A Personal Story of Daily Life for a Child with SMA
Ron and Debbie describe 8 year old Dylanâ€™s daily routine, including going to school and playing sports.
Debbie: A typical day for Dylan, he wakes up at 7 o'clock every morning and he gets his medications and treatments, that takes about a half hour. And then nurse will usually wash him up, brush his teeth, which he doesn't like. [Laughs] Get him dressed and he's on the bus by 8:00 am sharp. He gets to school about 8:30, 8:40 and then he's in school until 3 o'clock. School consists of regular academics, all his regular subjects. He's on a regular curriculum, New York State based curriculum. And he also receives his therapies in school. So he gets physical therapy twice a week, occupational therapy three times a week, speech therapy two times a week and he gets oral motor therapy once a week. He gets special ed arts, special music, special Phys Ed. And at the school they also do wheelchair and orthotic clinics so we donâ€™t have to take him back and forth to the doctor, they do it right there. So for example, this morning something broke on his joystick, Arthur his nurse brought him to school and they fixed it there. Ron: -- it's a special school for kids with physical disabilities. There are all kinds of kids there are at that school not just with SMA, but other neuromuscular diseases and other types of diseases. They play sports with the kids. They have a swimming pool if you can go into the swimming pool with people. They do all kinds of activities. They have been to the Statue of Liberty, the Bronx Zoo, you know as a normal field trip. Debbie: Yeah, they do a lot of fun things. Ron: So we're lucky that we had that close to us, not a lot of people are. Debbie: Yeah. So then back to his day, if it's a Thursday, he has wheelchair basketball, so then he goes to wheelchair basketball. If it's not a Thursday, he comes home and then I'll usually let him watch a little bit of TV and then homework. He has about a half hour to 45 minutes of homework per night and then we'll tend to let him relax a little, play video games. He likes to play the computer or the iPad. He's up in his room at 7 o'clock getting ready for his bath and his night treatment meds and asleep by 9:00. Ron: We try to get him asleep by 9:00 soâ€¦ And on Saturdays, it's almost the same thing, but he goes to baseball and he's playing in the Miracle League Baseball league so.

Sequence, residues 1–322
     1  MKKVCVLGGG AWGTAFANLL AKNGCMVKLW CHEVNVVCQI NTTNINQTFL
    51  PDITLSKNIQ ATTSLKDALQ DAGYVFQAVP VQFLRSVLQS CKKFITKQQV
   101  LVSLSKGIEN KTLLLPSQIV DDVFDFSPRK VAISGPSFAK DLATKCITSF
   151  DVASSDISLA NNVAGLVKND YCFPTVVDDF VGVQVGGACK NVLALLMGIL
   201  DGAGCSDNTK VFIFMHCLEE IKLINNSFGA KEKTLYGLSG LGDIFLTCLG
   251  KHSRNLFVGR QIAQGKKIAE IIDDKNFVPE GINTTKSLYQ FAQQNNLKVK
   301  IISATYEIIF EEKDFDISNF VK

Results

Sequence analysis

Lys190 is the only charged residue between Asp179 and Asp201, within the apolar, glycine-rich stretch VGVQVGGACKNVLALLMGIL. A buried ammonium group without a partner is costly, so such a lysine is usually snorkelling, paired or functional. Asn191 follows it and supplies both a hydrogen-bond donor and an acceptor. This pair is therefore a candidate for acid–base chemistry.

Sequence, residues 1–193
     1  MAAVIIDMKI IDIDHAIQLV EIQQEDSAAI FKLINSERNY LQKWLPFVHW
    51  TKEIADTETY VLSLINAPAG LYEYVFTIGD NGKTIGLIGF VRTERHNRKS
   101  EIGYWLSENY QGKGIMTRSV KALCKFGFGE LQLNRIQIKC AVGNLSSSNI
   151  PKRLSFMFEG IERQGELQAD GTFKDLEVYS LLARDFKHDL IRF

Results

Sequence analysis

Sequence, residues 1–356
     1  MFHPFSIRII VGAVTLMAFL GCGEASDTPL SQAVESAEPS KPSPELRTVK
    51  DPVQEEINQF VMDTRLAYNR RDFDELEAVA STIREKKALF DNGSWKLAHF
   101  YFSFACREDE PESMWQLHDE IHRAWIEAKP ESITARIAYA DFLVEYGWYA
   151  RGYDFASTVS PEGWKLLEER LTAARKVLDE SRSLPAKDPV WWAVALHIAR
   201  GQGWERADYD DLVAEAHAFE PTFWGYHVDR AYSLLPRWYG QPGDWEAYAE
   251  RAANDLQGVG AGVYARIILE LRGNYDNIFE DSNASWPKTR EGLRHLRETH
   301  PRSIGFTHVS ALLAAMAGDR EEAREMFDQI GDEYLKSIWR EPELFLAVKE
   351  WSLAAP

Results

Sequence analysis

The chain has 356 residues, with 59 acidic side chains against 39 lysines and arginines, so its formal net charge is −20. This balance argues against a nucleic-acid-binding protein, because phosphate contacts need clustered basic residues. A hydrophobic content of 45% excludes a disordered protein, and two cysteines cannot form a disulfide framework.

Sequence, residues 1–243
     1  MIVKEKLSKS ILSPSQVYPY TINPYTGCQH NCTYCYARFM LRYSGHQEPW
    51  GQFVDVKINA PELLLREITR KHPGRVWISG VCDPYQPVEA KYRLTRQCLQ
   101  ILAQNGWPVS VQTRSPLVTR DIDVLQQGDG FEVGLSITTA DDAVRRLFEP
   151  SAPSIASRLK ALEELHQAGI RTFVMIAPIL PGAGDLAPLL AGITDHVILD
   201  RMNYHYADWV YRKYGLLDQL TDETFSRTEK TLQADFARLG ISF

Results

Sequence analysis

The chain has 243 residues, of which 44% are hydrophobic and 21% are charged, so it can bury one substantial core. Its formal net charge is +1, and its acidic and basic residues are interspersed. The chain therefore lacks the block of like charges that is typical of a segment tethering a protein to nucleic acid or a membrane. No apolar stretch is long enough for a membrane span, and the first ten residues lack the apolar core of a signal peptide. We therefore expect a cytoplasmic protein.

Spinal muscular atrophy, SMA, RNA, mRNA, splicing, gene, genetic, DNA, antisense, motor neuron, splice, Type 2, Type II, nutrition, pneumonia, surgery, antibiotics, brace, physical therapy, occupational therapy, gastrointestinal, gastronomy, school, sports, nurse, computer, oral motor therapy, music, wheelchair, orthotics, swimming, basketball, homework, TV, games, baseball
- ID: 16923
- Source: DNALC.SMA
- Download: MPEG 4 Video
Dr. De Vivo describes the disease progression for different SMA types.
Dr. De Vivo describes the current treatments and therapies for SMA.
Debbie and Ron talk about the experiences of their son with Type II SMA.
Esther and Frank describe their daughter’s progression since diagnosis.
An animation shows how antisense oligonucleotide therapy for SMA utilizes RNA splicing.
Esther and Frank describe the therapies in place for their 2 year old daughter.
A typical day in the life of 2 year old Maeve.
An animation shows how drugs for SMA may be delivered via infusion into the spinal cord.
Dr. De Vivo provides an overview of SMA, and describes the four SMA types.
A patient reflects on the progression of his SMA when he was a child.